The call for an audit of Facebook’s metrics comes a week after the social network acknowledged inflating its video metrics.
The apparel manufacturer generated 15,000 visits to a contest this spring by spreading the word through online fishing forums, sweepstakes sites and video sites. The company spent no money on advertising.
Columbia Sportswear Company learned two things from an online contest it sponsored this spring: you can drive traffic from online forums and other sites without spending ad dollars, and that more consumers will enter a contest if it doesn’t require a lot of work.
The Reel Stories contest featured George Poveromo, a well-known saltwater fisherman with a show on TV sports channel ESPN2, and four videos of fishing stories-three true stories and one that was a lie. Anyone who correctly identified the tall tale was entered into a drawing with a grand prize of a fishing trip with Poveromo.
The aim of the campaign was to engage saltwater fishermen and to raise awareness of a new line of sun-protective Columbia apparel called Omni-Shade, which was worn by the fishermen in the videos, says Natalie McDonald, Columbia’s advertising manager. Columbia does not sell through its site-that’s coming in the second half of 2009-but does point visitors to stores that sell Columbia apparel. So the impact of the campaign was measured by brand engagement metrics, not sales, McDonald says.
Columbia is focusing its advertising spend on broad brand marketing and did not want to divert ad dollars to a specialized audience. Instead, White Horse, which handles online marketing for Columbia, raised awareness of the contest by posting the fish-tale videos to 20 video sites, informing online sweepstakes sites of the contest so they could link to it, and, most effectively, by getting out the word on online forums frequented by fishing enthusiasts. “We had one of our people go to the sites we identified and with full transparency said, ‘This is Columbia Sportswear, we have this promotion that we think would interest you, here’s a link,’” says Eric Anderson, director of marketing at White Horse. In all, 123 web sites accepted links to the contest.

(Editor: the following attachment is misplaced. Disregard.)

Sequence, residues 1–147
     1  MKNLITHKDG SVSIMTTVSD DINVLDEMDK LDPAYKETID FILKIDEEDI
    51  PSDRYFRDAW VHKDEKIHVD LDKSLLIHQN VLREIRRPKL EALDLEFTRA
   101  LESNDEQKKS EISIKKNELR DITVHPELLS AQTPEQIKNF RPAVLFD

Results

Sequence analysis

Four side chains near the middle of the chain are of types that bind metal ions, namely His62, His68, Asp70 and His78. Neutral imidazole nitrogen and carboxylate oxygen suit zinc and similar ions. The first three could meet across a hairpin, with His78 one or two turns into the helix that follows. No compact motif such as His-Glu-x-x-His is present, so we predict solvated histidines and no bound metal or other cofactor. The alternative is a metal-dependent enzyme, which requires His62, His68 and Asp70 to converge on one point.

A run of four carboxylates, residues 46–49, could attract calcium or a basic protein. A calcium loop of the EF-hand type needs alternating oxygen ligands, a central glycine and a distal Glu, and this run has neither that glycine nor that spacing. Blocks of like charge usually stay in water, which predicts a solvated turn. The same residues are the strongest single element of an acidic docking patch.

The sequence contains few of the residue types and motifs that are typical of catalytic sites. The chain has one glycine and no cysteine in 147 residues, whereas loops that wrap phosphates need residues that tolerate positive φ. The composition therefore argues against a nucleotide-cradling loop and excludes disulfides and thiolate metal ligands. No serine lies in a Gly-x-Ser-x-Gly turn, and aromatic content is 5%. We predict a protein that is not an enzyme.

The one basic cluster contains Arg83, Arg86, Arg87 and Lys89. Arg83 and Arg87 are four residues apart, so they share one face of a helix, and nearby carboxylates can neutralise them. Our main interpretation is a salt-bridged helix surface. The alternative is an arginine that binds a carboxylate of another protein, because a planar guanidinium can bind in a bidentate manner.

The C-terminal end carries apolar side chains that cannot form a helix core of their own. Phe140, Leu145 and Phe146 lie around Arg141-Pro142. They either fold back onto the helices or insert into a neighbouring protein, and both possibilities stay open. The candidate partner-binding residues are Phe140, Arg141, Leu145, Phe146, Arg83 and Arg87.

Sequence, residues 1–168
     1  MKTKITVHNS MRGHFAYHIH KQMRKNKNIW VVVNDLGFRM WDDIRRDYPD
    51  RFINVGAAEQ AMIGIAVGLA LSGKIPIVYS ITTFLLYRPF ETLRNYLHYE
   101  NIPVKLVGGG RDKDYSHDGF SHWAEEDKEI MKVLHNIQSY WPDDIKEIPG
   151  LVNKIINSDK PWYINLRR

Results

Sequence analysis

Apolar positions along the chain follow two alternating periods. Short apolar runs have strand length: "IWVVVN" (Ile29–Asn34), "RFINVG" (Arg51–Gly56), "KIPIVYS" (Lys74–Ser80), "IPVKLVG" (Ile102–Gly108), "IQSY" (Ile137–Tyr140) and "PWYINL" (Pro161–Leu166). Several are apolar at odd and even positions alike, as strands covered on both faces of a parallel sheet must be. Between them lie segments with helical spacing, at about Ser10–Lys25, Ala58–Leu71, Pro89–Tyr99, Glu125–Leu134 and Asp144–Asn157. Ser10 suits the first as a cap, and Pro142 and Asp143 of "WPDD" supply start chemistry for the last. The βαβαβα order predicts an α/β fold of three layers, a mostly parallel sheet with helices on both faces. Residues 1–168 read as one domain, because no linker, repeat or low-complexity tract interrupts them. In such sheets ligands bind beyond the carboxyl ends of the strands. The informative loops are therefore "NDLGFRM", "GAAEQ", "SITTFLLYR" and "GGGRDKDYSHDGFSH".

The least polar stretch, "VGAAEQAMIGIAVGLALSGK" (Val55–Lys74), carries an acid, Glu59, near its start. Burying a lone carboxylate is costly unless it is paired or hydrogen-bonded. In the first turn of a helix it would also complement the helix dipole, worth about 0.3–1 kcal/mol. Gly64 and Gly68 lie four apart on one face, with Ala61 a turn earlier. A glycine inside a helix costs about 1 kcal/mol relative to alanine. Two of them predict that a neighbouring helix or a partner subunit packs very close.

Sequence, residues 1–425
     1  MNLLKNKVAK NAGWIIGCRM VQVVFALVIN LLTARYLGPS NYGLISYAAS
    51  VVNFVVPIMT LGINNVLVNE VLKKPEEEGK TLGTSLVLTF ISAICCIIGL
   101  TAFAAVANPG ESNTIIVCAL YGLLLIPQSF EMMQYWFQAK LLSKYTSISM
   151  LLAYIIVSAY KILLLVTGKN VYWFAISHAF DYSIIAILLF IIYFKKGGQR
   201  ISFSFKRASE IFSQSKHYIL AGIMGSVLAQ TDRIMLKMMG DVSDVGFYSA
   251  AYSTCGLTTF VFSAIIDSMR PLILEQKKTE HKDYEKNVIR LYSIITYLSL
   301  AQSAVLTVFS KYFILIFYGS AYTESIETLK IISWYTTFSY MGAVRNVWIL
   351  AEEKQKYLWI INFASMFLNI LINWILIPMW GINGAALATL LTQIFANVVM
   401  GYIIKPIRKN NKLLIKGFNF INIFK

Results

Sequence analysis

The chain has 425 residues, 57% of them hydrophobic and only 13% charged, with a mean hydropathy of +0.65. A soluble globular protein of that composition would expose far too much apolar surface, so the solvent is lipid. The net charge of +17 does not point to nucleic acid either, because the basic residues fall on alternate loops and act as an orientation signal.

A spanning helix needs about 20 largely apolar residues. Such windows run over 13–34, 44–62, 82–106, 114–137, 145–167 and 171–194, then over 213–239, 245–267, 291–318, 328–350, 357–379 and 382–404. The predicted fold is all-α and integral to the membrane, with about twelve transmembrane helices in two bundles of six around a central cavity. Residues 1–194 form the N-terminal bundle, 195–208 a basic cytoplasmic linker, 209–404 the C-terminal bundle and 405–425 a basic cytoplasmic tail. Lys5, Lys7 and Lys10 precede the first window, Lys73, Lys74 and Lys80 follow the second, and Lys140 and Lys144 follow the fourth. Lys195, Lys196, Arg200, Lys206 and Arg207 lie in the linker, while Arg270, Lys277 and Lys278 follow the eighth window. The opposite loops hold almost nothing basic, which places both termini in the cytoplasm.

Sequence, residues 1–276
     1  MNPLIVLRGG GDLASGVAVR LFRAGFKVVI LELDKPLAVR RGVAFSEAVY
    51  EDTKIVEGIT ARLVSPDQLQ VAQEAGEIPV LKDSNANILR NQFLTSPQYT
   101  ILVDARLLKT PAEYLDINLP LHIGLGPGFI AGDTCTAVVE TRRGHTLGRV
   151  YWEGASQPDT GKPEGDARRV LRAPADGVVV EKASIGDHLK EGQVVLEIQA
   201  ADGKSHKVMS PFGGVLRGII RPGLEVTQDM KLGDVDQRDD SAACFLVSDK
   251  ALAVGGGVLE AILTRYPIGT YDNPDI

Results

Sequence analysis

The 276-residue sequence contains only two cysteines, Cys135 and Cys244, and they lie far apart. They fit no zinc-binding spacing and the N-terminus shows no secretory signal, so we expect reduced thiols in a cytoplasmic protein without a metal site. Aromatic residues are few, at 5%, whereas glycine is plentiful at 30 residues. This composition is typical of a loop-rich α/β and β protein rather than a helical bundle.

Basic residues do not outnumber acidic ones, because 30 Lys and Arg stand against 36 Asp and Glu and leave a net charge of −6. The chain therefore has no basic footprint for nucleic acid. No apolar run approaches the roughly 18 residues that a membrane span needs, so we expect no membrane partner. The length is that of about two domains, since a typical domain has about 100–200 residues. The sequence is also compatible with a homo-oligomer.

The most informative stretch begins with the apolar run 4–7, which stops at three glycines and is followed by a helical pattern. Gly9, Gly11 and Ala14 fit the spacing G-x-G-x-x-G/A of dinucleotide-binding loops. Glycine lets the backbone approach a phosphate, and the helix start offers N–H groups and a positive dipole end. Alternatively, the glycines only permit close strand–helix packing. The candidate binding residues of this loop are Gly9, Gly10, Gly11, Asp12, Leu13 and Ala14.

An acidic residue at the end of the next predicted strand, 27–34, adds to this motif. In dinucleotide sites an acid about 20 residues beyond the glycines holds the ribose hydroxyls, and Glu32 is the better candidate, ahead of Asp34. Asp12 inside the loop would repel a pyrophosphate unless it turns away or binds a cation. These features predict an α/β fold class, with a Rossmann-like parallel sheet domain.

Those links generated 75% of the 14,964 visits to the contest page, with the rest coming from promotions on Columbia’s web site and e-mails to its customers. 38% of those who came entered the contest, roughly double the 15-20% conversion rate White Horse typically expects from contests, Anderson says. Of the 5,680 visitors who entered, 2,032, or 36%, left checked the box that opts them in to receiving e-mails from Columbia, adding to the company’s e-mail marketing list.
The results compared favorably to a promotion dubbed Tough Tester that Columbia ran last fall in which its spent $189, 170 in advertising and generated 57,781 visits, but only received 3,138 contest entries. Anderson believes more visitors entered the Reel Stories contest because it only required watching four 2-minute videos, whereas the Tough Tester promotion asked entrants to write a story about how they had put Columbia apparel to the test. “There is a tradeoff,” Anderson says. “When you ask users to produce content you won’t see that high of a response rate.”
McDonald says promoting the Reel Stories contest through social marketing was a cost-effective way to reach a niche audience, an approach Columbia is likely to use again. “While we’ll always be running a broad campaign to reach a broader audience, this is something we’d look to do to reach out to more vertical categories and more seasonal categories,” she says.
The Reel Stories contest also showed something else: it’s not easy to tell when a fisherman is lying. The video that was a lie was guessed least by contest entrants.